Sunday, October 26, 2014
Inquirer Daily News

Stuck out in the cold

Ranks of long-term jobless are growing.

"Without a job," Donna Oxford says, "you can never be relaxed or secure." Here, she plays with grandson Michael in their Coatesville home. (April Saul/Staff)
"Without a job," Donna Oxford says, "you can never be relaxed or secure." Here, she plays with grandson Michael in their Coatesville home. (April Saul/Staff)
"Without a job," Donna Oxford says, "you can never be relaxed or secure." Here, she plays with grandson Michael in their Coatesville home. (April Saul/Staff) Gallery: Stuck out in the cold

It's cold in Donna Oxford's house, despite a sheet of plastic taped over the front door to block the wind howling up the hill toward her modest rancher outside Coatesville.

Vincent Tricome's home is chilly, too - maybe it would be better, he thinks, sick at heart, if he moved back with his parents and rented out his townhouse tucked into a cul-de-sac in Chester Springs.

When Soo Hwan Lee's wife is away on business, he turns the heat way down in his South Philadelphia rowhouse.

Wear a sweater when you visit Khaleel Adger's Victorian in Germantown, or a winter jacket at Ashton Jones' rowhouse rehab on the edge of West Philadelphia's newly gentrified sections.

More coverage
  • Looking for Work: The Series
  • That's what it is to be among the long-term unemployed: The cold is a given, along with diminished expectations, trampled spirits, and fading prospects.

    It has been three years since the Great Recession began in December 2007. Even though the recession is technically over, the U.S. economy remains caught in its jaws, unable to break clear when so many have been out of work for so long.

    The average length of unemployment topped 34 weeks in 2010. That was the longest average since the Labor Department started keeping records in 1948.

    Long-term unemployment beat another distressing record last year: The percentage of the unemployed who were out of work for more than six months rose to a staggering 45.6 percent.

    And in one 2010 study, more than a third of the people who were unemployed had been out of work for more than two years.

    It has gotten so bad that the Labor Department, starting this year, will begin to capture these data as part of its monthly reporting series.

    The department reported Friday that December's unemployment rate had fallen to 9.4 percent from 9.8 percent, with 103,000 jobs created in the month.

    That was the good news. The bad news was further down in the report - lengthening, intractable unemployment; more discouraged workers; and more people dropping out of the workforce.

    Sometimes Tricome, 48, wonders if anyone will ever want him again, a man with a master's degree, two decades of civil-engineering experience, and a love of seeing things built.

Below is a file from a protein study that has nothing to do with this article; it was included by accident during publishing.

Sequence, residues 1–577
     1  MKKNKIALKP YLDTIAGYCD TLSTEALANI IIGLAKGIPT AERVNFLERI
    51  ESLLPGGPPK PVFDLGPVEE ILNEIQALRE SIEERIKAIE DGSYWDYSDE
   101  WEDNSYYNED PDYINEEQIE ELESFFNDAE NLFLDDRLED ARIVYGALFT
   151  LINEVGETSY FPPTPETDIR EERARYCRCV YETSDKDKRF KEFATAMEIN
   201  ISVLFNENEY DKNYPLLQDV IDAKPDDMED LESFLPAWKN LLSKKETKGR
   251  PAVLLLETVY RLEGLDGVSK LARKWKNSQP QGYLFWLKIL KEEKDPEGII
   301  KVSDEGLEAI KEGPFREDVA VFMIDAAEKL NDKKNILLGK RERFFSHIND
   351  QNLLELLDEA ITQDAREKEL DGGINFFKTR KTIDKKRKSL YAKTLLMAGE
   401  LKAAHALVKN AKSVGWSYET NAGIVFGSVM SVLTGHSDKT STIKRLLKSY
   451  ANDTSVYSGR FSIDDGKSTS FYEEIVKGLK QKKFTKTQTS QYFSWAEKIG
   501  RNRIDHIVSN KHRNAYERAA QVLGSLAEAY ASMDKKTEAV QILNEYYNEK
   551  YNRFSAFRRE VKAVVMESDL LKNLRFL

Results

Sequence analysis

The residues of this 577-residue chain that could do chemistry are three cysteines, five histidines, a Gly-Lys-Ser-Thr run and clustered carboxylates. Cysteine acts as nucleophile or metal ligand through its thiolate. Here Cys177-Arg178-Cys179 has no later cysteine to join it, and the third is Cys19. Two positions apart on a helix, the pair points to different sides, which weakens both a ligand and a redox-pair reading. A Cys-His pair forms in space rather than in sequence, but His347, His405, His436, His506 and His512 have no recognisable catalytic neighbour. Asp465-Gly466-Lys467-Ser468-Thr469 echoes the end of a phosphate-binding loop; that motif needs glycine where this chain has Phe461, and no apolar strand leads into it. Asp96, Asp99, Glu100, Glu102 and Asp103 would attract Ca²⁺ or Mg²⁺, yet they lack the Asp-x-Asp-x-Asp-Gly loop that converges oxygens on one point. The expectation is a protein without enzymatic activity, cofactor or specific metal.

"It can't go on forever, but I can't see any end to it," said Tricome, out of engineering work since July 2008.

    This jobless crisis is particularly frightening to Carl Van Horn, a public-policy professor at Rutgers University and coauthor of a December study titled "The Shattered American Dream: Unemployed Workers Lose Ground, Hope, and Faith in Their Futures."

    "One of the problems that will occur in this political environment is that people are desperate for good news," Van Horn said. "There's no good news if you are unemployed for two years, and a lot of people are going to remain in there."

    If the recession has proved anything, it is that few are immune from joblessness. Three out of four people, Van Horn said, have been unemployed or have a family member or close friend who lost a job.

    "This a broad societal experience," he said.

    The unemployed are young, old, and all races, genders, and professions. Although unemployment is higher in the city, the wealthiest suburbs have not been spared, nor have the college-educated and the professional class.

    "Forget about compassion," Van Horn said. "Even if you are not compassionate, you still need to be worried because all those unemployed people are still there. This is a big, heavy weight on the national economy."

    Senior economist Robert Dye at PNC Financial Services explained:

    From the time the recession began in December 2007 until it bottomed out in December 2009, nearly 8.4 million jobs were lost.

    "If we had those 8.4 million people in the labor force, consumer spending would be robust and stronger than it is now," Dye said. "That is such a big part of the economy, accounting for a third of gross domestic product.

    "Right there, that would be significant. With a fully functioning labor market, the housing market would recover, and we'd feel the positive health effect of that.